Analysis Of The Book ' Glory Of The Confessor '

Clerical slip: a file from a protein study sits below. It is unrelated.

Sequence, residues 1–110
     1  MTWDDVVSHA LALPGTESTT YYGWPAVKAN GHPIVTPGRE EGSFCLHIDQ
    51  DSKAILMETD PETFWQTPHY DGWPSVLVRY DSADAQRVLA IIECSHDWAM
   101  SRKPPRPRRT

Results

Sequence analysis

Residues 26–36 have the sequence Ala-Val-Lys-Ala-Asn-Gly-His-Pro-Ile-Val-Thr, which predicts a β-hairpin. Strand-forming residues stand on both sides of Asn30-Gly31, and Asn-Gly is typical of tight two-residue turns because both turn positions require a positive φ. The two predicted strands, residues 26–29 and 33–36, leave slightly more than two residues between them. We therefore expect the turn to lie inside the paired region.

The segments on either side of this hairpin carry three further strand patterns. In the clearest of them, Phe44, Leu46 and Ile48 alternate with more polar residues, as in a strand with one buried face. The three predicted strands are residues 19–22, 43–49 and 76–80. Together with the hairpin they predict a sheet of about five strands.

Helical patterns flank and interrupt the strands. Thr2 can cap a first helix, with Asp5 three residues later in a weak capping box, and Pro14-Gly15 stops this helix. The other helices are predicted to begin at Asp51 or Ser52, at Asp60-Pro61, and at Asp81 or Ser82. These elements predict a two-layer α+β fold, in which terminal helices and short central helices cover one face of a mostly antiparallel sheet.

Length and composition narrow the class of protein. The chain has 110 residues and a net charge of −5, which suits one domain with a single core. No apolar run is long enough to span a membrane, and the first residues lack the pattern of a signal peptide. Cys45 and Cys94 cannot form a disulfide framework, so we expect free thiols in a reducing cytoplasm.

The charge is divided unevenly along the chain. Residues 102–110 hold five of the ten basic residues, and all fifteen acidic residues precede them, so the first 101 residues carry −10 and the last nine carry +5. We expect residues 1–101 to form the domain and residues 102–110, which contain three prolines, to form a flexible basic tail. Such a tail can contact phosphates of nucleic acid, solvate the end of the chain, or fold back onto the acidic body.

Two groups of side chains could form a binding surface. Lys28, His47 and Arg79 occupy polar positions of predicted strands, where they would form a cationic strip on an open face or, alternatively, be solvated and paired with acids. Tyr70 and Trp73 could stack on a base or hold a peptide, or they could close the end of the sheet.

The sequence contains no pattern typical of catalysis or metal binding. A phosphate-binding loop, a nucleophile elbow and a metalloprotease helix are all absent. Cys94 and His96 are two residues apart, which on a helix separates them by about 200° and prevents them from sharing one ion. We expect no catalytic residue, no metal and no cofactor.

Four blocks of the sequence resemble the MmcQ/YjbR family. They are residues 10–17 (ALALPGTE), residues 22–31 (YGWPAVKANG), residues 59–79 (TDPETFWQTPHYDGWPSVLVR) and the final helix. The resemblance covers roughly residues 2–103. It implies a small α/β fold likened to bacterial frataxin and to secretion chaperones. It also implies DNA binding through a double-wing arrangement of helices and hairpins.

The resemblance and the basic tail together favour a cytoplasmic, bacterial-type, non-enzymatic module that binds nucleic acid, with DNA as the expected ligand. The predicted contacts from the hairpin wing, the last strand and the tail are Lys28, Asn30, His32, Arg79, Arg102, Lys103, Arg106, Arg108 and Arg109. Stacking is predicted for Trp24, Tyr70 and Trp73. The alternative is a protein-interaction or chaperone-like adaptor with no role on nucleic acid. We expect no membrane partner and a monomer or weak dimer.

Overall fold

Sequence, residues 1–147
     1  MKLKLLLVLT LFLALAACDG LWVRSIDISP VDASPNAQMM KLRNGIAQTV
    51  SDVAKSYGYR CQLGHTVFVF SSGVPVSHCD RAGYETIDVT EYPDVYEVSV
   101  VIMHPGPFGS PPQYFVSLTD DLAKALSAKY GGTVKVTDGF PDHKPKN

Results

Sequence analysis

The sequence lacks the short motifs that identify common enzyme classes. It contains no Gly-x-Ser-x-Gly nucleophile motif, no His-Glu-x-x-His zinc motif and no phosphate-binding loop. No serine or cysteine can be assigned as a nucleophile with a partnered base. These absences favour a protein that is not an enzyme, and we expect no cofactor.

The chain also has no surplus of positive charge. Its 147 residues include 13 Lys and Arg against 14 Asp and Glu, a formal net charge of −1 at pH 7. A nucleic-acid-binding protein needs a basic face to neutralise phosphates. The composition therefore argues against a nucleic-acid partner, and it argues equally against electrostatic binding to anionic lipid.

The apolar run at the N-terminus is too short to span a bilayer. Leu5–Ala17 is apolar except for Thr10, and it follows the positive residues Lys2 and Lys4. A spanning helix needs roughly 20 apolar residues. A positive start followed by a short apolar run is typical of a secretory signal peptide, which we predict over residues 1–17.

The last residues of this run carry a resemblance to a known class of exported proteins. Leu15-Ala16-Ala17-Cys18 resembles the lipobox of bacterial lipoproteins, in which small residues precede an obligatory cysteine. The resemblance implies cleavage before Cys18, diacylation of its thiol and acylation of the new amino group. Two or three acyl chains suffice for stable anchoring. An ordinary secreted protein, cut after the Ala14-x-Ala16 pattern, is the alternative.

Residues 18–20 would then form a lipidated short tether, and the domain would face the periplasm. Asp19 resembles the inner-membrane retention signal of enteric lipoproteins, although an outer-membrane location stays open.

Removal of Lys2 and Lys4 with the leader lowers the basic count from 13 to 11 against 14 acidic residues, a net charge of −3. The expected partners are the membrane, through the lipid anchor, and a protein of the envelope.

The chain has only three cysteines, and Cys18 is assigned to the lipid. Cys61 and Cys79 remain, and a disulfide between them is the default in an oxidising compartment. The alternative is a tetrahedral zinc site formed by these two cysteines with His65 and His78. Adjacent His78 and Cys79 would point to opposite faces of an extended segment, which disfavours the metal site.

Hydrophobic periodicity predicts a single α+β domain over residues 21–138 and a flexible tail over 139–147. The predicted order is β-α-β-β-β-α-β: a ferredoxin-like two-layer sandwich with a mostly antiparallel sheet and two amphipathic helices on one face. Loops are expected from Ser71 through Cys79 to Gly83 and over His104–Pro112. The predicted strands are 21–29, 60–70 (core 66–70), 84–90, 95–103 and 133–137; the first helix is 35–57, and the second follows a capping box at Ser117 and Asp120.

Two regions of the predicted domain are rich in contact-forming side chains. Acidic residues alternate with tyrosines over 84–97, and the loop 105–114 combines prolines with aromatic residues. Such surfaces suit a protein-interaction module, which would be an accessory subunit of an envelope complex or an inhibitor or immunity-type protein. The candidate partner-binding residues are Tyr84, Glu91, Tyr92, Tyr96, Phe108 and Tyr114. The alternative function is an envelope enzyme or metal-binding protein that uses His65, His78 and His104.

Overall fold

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During the period of Gregory of Tours what was considered to be the difference between the magical and the miraculous? In order to attempt to answer this question this essay will examine two works from Gregory of Tours, the first from his book The History of the Franks which examines the case of Mummolus and his witches and the second from his book Glory of the Confessor which examines the case of the tomb of Criscentia. The first book gives an example of what was seen as sorcery and the second an example of the miraculous. This essay will argue that the difference between what was classified as magic and what was classified as miraculous during the time of Gregory of Tours in the early Medieval Period was determined by differences in both the perceived source of power of an act and the perceived motivation of the practitioner. This essay will then attempt to discover the origins of these perceived differences. The results of the magic in the case of Mummolus and the miracle in the case of Criscentia both achieved a very similar result. Namely, the result of each case was healing. In the case of Mummolus this takes the form of a concoction that can immediately cure dysentery and in the witches actively saving Mummolus’s life. In the words of the accused witches the goal was, “to save Mummolus”. In the case of the miracles that occurred at the tomb of Criscentia the result was also that those afflicted with an ailment were cured. In one example from the text the miracle

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